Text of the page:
Ohio Governor John Kasich seems very likely to sign legislation that will significantly change the concealed carry law in Ohio. The bill was passed by massive votes in the state Senate (24-6) and House (69-16). The most significant change is in the amount of training, though it will mean that Ohio’s training requirements will still be much higher than the national average
- The number of training hours needed to obtain a concealed-carry permit would be reduced from 12 to 8, and at least two of those hours would have to consist of in-person training.;
- Scrap a rule that a concealed-carry permit applicant must be an Ohio resident for at least 45 days and a resident of the county for at least 30 days;
- Automatically recognize concealed handgun licenses issued by any state that recognizes Ohio’s licenses. Currently, such reciprocity only happens when the attorney general enters into a written agreement with another state;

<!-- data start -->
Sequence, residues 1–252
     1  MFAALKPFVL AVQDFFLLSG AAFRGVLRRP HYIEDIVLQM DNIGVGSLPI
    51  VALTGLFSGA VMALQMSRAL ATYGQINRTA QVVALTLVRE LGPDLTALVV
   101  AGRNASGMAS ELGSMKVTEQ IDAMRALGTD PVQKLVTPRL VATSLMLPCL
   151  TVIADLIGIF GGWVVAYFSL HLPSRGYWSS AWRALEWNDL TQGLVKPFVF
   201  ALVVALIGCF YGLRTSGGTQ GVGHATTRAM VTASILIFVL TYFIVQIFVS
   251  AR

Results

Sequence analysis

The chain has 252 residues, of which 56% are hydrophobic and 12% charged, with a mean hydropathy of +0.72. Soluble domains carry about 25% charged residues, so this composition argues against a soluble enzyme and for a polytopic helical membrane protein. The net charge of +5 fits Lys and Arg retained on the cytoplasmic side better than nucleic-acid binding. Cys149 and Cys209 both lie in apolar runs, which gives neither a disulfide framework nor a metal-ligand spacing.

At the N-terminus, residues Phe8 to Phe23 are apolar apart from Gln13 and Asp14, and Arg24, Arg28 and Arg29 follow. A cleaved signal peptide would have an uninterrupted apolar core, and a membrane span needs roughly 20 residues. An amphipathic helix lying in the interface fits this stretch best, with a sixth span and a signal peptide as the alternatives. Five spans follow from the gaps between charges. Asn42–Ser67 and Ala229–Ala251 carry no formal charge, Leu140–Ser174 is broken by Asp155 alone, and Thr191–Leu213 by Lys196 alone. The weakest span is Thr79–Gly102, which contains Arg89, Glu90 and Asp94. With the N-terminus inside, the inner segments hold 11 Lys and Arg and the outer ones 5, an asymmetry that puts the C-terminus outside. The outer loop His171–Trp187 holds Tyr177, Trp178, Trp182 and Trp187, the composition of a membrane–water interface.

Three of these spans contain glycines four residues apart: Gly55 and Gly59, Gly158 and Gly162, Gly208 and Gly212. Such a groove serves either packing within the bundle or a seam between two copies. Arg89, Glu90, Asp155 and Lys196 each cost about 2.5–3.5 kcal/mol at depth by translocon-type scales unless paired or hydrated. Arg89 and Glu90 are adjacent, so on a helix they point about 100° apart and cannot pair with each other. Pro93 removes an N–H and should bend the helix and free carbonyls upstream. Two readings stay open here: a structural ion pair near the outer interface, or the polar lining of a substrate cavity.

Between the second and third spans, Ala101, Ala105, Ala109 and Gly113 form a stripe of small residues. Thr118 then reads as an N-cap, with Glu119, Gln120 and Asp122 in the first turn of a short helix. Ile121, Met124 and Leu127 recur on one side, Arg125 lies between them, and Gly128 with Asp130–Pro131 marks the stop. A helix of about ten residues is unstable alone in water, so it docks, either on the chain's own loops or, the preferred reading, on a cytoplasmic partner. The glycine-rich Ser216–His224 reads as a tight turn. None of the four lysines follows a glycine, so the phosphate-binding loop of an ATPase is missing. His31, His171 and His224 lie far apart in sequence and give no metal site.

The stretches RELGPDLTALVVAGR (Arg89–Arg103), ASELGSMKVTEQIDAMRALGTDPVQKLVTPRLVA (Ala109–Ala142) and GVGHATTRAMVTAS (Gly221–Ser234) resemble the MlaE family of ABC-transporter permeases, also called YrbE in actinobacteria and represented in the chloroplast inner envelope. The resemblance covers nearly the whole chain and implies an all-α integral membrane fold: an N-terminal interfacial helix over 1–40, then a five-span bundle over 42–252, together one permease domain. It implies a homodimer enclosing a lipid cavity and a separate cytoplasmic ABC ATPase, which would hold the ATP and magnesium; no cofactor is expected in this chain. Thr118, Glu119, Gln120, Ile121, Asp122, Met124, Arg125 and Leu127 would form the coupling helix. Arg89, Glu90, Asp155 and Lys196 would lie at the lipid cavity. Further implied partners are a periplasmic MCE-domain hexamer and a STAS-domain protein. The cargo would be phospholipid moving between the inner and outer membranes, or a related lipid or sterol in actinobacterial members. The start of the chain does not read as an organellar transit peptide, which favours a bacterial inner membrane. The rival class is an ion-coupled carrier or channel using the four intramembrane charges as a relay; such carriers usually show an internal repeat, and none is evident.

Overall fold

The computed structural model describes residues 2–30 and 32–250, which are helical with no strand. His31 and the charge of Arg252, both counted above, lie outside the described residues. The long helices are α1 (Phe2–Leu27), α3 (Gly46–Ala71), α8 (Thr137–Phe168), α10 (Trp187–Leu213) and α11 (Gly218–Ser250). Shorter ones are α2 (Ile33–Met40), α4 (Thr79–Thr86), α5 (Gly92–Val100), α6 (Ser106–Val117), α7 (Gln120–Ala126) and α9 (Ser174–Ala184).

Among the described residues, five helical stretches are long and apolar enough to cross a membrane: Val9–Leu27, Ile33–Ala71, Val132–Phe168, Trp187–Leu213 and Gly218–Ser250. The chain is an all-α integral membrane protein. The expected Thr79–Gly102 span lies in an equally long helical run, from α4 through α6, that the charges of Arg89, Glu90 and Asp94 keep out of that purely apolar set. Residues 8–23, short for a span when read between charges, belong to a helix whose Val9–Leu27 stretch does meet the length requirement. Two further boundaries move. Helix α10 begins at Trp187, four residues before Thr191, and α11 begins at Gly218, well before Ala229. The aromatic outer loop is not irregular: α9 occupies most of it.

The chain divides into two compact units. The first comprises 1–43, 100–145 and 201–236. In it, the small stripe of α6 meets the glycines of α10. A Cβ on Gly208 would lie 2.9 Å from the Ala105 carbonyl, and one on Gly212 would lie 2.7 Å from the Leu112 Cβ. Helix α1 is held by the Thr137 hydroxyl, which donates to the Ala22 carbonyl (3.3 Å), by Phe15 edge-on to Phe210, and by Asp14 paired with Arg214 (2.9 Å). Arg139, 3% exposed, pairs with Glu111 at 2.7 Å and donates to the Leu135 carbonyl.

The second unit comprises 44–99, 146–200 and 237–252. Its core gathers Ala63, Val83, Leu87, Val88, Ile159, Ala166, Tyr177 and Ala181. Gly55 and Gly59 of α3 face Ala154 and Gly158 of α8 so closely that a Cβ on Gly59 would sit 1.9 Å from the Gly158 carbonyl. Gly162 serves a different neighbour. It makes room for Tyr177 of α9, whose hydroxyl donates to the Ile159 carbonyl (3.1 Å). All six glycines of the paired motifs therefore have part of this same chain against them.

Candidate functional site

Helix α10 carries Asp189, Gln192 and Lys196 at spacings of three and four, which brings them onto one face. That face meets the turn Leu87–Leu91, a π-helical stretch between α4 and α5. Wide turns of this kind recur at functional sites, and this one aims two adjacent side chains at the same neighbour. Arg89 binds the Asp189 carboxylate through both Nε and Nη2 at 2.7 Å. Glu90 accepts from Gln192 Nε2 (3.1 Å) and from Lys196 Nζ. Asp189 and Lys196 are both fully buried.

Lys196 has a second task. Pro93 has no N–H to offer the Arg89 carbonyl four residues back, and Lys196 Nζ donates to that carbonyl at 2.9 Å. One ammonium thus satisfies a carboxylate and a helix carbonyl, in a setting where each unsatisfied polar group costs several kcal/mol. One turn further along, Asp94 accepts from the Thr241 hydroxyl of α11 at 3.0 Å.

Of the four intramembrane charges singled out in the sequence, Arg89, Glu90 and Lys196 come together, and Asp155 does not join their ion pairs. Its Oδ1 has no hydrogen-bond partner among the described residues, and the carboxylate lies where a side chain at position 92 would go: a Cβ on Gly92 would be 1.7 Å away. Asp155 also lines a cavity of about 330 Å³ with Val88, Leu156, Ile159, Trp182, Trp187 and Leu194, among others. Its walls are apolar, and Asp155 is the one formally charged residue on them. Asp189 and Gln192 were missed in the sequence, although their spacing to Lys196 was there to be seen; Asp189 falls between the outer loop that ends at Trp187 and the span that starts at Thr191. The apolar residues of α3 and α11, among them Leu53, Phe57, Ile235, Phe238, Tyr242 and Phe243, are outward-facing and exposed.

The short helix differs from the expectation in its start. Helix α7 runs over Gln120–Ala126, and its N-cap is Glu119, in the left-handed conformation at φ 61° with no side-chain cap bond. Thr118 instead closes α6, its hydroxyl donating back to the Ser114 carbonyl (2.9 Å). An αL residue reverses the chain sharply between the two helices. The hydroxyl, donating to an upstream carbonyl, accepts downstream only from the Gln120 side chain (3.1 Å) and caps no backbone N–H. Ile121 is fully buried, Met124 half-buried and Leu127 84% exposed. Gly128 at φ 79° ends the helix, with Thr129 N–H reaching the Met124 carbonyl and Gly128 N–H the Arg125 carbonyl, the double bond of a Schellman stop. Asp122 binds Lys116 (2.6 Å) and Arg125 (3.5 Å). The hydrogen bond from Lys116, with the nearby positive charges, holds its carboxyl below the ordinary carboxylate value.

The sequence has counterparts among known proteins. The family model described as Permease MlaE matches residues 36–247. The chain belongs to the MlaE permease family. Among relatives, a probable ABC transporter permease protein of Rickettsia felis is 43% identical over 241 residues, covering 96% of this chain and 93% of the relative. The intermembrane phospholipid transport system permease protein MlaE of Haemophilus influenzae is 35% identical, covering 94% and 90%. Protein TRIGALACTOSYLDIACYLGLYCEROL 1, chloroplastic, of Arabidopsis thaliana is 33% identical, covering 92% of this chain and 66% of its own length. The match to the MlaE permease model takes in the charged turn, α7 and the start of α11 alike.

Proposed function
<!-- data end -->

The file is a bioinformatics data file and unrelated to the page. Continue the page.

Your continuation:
- Make Ohio compliant with the National Instant Criminal Background Check System, so anyone with a state handgun license doesn’t have to get an NICS check when they purchase a firearm;
- Prohibit concealed weapons licenses from being issued to people who hold a nonimmigrant visa or who have been dishonorably discharged from the U.S. military; and
- Establish a six-month grace period to renew a concealed handgun license for members of the military, AmeriCorps, or the U.S. Foreign Service — as well as their immediate family members.
Over the last five years the number of new licenses issue were 315,478 (general data available here). Licenses renewed were 94,910. Presumably, 2014 was another year in which permits were issued at a high rate. Minus the number of permits revoked (1,832) gives you a total of 408,565 permits. The revocation rate for any reason was 0.4%.
The lower training require should have a significant effect on the number of permit holders. The current $55 fee appears unchanged, and it continues to be near the national average.